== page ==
NARAL kept much of the same thematic emphasis throughout the 1980s, working to keep abortion rights in the public eye as an urgent issue that could be severely curtailed by one congressional vote or Court decision. To this end, it became involved in trying to retain congressional pro-choice support and to ‘‘wake up’’ the U.S. public as to the potential harm to be wrought to Roe when the Supreme Court announced it would hear a challenge to the Missouri statutes. In advance of the Webster decision of 1989 (Webster v. Reproductive Health Services), NARAL had a press conference on the day that the Supreme Court announced its intent to grant review to the Missouri case and announced ‘‘a campaign to get one million Americans to sign a pledge to work to support Roe.’’ By this point, indeed by the mid-1980s, NARAL was able to play a central role in coordinating the national pro-choice coalition. At the same time, outside of the highly publicized national events, NARAL was also working in carefully targeted areas to undo anti-abortion lobbying successes, primarily at state and city levels.

Most recently, reflecting a desire to broaden its presence in various areas of reproductive policy, NARAL changed its name in 2003 to ‘‘NARAL Pro-Choice America.’’ It recently hired a new president after the long tenure of activist Kate Michelman. The new president, Nancy Keenan, was a former Montana state legislator and superintendent of Education. As she said on the NARAL website, ‘‘I am excited to build the strength of our powerful grassroots presence across the country.’’ It was clear that the new president brought a strong knowledge of state political processes to her appointment. Similarly, according to its website, as of this writing, NARAL counted ‘‘nearly 400,000 members and supporters nationwide,’’ making it both the largest pro-choice organization in the United States but also one of the largest feminist organizations as well.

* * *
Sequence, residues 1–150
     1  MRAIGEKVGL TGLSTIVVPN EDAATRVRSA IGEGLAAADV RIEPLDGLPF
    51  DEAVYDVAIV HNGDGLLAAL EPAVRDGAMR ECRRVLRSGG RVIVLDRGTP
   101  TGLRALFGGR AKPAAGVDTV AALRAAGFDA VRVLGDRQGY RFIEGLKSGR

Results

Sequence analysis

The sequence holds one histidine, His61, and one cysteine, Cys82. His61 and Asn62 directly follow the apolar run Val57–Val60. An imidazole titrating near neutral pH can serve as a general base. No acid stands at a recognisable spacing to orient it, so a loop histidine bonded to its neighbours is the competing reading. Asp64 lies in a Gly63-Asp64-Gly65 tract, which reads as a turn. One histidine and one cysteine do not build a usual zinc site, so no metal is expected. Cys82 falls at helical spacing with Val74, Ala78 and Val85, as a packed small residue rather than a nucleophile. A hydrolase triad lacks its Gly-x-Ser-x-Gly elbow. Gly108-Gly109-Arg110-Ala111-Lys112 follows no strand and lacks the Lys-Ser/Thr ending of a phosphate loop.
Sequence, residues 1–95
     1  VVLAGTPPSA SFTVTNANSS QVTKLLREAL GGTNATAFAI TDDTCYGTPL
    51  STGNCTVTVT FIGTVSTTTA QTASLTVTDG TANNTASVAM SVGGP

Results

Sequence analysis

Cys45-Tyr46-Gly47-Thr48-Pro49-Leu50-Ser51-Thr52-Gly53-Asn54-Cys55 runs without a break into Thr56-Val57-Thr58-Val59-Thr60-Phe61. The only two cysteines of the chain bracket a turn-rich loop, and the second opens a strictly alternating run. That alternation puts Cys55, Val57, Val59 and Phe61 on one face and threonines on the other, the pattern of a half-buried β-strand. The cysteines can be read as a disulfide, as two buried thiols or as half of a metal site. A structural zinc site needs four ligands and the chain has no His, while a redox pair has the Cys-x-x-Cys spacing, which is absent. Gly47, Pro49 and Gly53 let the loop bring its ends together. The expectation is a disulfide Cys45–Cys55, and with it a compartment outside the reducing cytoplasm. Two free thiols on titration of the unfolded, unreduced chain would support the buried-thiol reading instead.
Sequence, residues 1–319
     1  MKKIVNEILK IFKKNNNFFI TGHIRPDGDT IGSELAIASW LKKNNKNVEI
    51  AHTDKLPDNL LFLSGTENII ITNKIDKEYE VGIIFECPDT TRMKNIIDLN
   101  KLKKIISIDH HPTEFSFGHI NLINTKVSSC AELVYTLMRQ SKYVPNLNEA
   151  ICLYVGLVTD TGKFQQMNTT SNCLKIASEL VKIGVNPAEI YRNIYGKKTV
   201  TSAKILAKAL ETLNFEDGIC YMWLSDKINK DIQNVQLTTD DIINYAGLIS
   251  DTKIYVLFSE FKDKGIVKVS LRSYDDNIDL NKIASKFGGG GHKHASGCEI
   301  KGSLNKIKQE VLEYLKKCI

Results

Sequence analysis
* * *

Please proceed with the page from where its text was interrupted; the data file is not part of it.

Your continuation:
References and Further Reading

  • Garrow, David. Liberty and Sexuality: The Right to Privacy and the Making of Roe v. Wade. New York: Macmillan, 1994.
  • Gerber Fried, Marlene, ed. From Abortion to Reproductive Freedom: Transforming a Movement. Boston: South End Press, 1990.
  • Haussman, Melissa. Abortion Politics in North America. Boulder, CO: Lynne Rienner Publishers, 2005.
  • Staggenborg, Suzanne. The Pro-Choice Movement: Organization and Activism in the Abortion Conflict. New York: Oxford University Press, 1991.
  • Tribe, Laurence H. Abortion: The Clash of Absolutes. New York: W.W. Norton & Co., 1992.

Cases and Statutes Cited

  • Griswold v. Connecticut, 381 U.S. 479 (1965)
  • Roe v. Wade, 410 U.S. 113 (1973)
  • Webster v. Reproductive Health Services, 492 U.S. 490 (1989)